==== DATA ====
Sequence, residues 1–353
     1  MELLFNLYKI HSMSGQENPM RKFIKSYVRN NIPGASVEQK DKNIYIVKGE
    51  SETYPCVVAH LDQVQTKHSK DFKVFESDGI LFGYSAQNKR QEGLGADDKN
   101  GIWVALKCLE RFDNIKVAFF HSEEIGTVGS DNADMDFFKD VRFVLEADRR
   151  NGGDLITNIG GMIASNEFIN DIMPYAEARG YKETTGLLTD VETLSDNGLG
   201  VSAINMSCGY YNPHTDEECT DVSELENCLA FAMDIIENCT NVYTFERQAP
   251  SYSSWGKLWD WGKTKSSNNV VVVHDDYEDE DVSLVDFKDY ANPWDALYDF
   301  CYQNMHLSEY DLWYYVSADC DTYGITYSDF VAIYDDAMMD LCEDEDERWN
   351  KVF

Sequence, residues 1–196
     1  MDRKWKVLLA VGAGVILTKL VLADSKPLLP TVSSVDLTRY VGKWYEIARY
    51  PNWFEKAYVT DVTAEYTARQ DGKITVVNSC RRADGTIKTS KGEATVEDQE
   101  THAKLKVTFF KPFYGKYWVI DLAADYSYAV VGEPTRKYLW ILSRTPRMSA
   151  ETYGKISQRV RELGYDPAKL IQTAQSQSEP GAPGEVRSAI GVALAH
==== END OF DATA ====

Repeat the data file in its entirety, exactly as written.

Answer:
Sequence, residues 1–353
     1  MELLFNLYKI HSMSGQENPM RKFIKSYVRN NIPGASVEQK DKNIYIVKGE
    51  SETYPCVVAH LDQVQTKHSK DFKVFESDGI LFGYSAQNKR QEGLGADDKN
   101  GIWVALKCLE RFDNIKVAFF HSEEIGTVGS DNADMDFFKD VRFVLEADRR
   151  NGGDLITNIG GMIASNEFIN DIMPYAEARG YKETTGLLTD VETLSDNGLG
   201  VSAINMSCGY YNPHTDEECT DVSELENCLA FAMDIIENCT NVYTFERQAP
   251  SYSSWGKLWD WGKTKSSNNV VVVHDDYEDE DVSLVDFKDY ANPWDALYDF
   301  CYQNMHLSEY DLWYYVSADC DTYGITYSDF VAIYDDAMMD LCEDEDERWN
   351  KVF

Sequence, residues 1–196
     1  MDRKWKVLLA VGAGVILTKL VLADSKPLLP TVSSVDLTRY VGKWYEIARY
    51  PNWFEKAYVT DVTAEYTARQ DGKITVVNSC RRADGTIKTS KGEATVEDQE
   101  THAKLKVTFF KPFYGKYWVI DLAADYSYAV VGEPTRKYLW ILSRTPRMSA
   151  ETYGKISQRV RELGYDPAKL IQTAQSQSEP GAPGEVRSAI GVALAH